To serve a divorce complaint you must obtain (or rather retain) a county sheriff or constable who is authorized to make service upon parties in family court matters and have the complaint and any attachments served upon your spouse if you are the party filing for divorce.  Constables typically charge $45.00 for a standard service of a complaint and it's attachments.  The county sheriff may charge anywhere from $35 to $55 in Rhode Island for the same service depending upon the number of attempts the sheriff's office needs to make in order to serve the person.

You should note that either the constable or the county sheriff may charge additional fees for service of process that requires numerous attempts, requires extensive travel or requires the service of additional documents that are not part of each and every divorce proceeding.

During your divorce it may be necessary to obtain documents by use of a subpoena.  The service costs of a subpoena are similar to those for the divorce complaint mentioned above except that the witness being subpoenaed will have to be paid a statutory fee for attendance as well as round-trip mileage costs for his, her or its attendance at court.  Because Rhode Island is a small state you can plan that the subpoena fees (exclusive of the constable or sheriff's fees) will not exceed $15.00 for a single day's attendance.

If documents are required from a business establishment, usually a bank, then the bank is allowed to charge a reasonable fee for the copying and research of account documents that are required to be produced.  This bill from the bank can range from $0 to hundreds if not thousands of dollars if you have a multi-million dollar marital estate and neither party can provide a clear financial picture of what is going on.  Clients are best to anticipate that a comprehensive bank subpoena for documents may run as high as $200.00.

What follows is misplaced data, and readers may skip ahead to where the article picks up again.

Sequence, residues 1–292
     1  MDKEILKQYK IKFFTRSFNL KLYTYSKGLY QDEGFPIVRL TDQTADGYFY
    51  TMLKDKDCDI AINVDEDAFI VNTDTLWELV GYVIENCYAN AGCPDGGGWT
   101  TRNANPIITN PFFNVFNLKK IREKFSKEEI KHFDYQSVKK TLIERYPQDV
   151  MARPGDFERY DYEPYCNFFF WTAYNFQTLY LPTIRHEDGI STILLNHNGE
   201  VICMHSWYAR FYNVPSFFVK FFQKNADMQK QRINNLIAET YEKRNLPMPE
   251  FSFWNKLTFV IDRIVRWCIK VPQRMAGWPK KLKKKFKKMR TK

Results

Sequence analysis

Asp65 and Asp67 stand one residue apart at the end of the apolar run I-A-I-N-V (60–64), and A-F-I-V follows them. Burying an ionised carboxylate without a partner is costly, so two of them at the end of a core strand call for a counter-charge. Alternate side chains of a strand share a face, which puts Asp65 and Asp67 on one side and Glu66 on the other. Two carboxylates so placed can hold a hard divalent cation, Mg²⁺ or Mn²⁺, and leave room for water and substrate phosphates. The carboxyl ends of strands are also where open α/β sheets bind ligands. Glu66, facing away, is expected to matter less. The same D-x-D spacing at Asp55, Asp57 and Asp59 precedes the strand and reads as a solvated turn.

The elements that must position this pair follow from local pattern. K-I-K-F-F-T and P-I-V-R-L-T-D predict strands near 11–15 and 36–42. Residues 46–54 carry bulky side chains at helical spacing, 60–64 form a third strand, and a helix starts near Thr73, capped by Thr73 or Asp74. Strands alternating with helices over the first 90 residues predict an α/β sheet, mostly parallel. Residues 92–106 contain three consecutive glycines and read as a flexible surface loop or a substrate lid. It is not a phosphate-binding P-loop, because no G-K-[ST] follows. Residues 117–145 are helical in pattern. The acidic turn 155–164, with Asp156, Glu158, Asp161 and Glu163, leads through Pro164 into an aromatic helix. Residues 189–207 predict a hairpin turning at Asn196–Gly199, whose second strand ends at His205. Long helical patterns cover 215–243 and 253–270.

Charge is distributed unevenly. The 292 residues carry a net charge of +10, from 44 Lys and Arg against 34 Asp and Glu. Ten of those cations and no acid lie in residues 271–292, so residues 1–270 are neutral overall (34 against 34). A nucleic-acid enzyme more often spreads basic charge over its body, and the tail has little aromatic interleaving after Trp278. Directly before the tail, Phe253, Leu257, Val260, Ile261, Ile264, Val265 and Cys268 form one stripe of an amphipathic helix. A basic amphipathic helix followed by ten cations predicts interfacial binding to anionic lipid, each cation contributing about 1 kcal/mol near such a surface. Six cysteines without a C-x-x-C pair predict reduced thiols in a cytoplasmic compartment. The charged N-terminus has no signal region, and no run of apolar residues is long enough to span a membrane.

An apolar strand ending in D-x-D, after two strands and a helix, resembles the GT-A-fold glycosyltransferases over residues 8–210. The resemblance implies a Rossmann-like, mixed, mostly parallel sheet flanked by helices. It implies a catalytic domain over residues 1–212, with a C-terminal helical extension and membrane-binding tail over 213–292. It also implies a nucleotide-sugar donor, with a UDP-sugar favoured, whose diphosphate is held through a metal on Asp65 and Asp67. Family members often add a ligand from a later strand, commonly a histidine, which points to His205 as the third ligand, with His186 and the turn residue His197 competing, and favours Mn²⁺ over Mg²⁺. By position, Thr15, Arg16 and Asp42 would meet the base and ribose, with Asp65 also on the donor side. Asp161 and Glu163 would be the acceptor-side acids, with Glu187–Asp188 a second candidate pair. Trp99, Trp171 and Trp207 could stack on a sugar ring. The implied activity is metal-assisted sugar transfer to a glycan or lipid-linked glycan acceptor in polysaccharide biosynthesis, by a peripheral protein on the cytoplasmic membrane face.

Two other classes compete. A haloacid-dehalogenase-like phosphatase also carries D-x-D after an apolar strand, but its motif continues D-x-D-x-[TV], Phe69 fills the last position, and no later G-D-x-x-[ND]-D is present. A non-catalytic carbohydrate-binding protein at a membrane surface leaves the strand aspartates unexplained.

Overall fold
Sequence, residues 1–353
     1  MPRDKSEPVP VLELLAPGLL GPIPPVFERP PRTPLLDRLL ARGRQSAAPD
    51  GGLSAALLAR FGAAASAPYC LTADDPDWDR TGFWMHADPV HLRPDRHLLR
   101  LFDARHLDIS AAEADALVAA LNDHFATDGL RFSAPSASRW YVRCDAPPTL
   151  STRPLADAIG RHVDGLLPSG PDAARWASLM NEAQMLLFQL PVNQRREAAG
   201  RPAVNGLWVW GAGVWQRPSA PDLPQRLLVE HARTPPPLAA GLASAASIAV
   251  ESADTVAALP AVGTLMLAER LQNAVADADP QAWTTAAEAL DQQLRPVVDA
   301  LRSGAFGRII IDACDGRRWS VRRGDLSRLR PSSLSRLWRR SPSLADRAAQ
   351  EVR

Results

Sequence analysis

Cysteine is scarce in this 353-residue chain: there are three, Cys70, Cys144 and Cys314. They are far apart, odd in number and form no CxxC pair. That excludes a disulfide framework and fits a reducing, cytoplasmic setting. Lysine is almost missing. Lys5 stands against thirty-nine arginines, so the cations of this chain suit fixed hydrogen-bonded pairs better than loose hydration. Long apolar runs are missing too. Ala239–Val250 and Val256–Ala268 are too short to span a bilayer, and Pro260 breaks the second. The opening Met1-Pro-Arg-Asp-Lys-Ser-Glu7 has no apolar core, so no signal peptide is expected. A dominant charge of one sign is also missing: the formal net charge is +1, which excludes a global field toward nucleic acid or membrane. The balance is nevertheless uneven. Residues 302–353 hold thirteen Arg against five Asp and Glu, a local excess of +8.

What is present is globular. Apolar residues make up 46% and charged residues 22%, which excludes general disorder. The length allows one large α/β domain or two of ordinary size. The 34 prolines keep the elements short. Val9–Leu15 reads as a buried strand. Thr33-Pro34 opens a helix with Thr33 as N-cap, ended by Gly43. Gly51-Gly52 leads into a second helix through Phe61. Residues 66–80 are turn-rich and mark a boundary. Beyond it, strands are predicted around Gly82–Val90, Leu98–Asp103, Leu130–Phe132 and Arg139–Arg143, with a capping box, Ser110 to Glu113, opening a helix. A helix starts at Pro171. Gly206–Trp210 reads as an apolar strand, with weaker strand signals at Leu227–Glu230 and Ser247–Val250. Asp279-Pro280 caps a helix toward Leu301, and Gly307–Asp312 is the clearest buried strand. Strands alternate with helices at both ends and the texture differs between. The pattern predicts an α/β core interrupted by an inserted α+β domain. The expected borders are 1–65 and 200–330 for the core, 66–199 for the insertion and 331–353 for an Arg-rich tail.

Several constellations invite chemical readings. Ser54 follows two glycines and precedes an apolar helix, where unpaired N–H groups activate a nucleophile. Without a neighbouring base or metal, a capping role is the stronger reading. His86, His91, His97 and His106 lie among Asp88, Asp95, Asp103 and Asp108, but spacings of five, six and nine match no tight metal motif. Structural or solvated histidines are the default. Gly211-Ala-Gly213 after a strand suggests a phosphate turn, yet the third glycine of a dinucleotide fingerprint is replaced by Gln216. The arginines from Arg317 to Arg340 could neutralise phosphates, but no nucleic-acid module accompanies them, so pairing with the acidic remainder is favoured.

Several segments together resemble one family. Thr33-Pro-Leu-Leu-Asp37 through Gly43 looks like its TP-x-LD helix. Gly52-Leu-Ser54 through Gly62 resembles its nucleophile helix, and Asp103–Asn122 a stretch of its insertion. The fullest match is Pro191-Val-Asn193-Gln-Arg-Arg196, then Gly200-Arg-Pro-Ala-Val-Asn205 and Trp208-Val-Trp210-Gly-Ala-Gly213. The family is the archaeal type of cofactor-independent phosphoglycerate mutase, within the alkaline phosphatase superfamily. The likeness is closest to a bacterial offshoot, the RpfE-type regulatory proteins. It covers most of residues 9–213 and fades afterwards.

If an expert is needed for tax issues, home valuations or business valuations, do not expect to get the expertise of these professionals for free even if they have done work for you after being paid a fee.  Unless specifically stated in your agreement with any expert, his or her professional expertise and time is not paid for if he has to go to court.  Experts attending court or preparing for a court proceeding are entitled to be compensated for their services.  These  experts generally cost from $2,000 on the lower end to tens of thousands on the high end for extensive work.  Generally speaking most divorces that involve a house as a marital asset will require an appraisal at current rates (currently about $300).  Testimony at court by the appraiser will generally run about $1,500 per day for a decent appraiser.

Clients should also expect that if matters need to be handled in an expedited fashion or if voluminous documents need to be copied or produced to someone that these are costs the client will be expected to pay for.  These things are, unfortunately, case specific and therefore there is no way to approximate them.

Lastly, if there is a pension or retirement plan that needs to be divided by virtue of a Qualified Domestic Relations Order, the client should expect that most divorce attorneys will engage a specialist attorney to prepare this document.  Qualified Domestic Relations Orders are a document that divides a pension or retirement between the parties either as agreed to or as determined by a judge after trial. However, these Orders must not only comport with state and federal law but must also be acceptable to and approved by the benefits coordinator for the administrator of the pension and/or retirement vehicle and in accordance with the rules, regulations and documents governing the plan.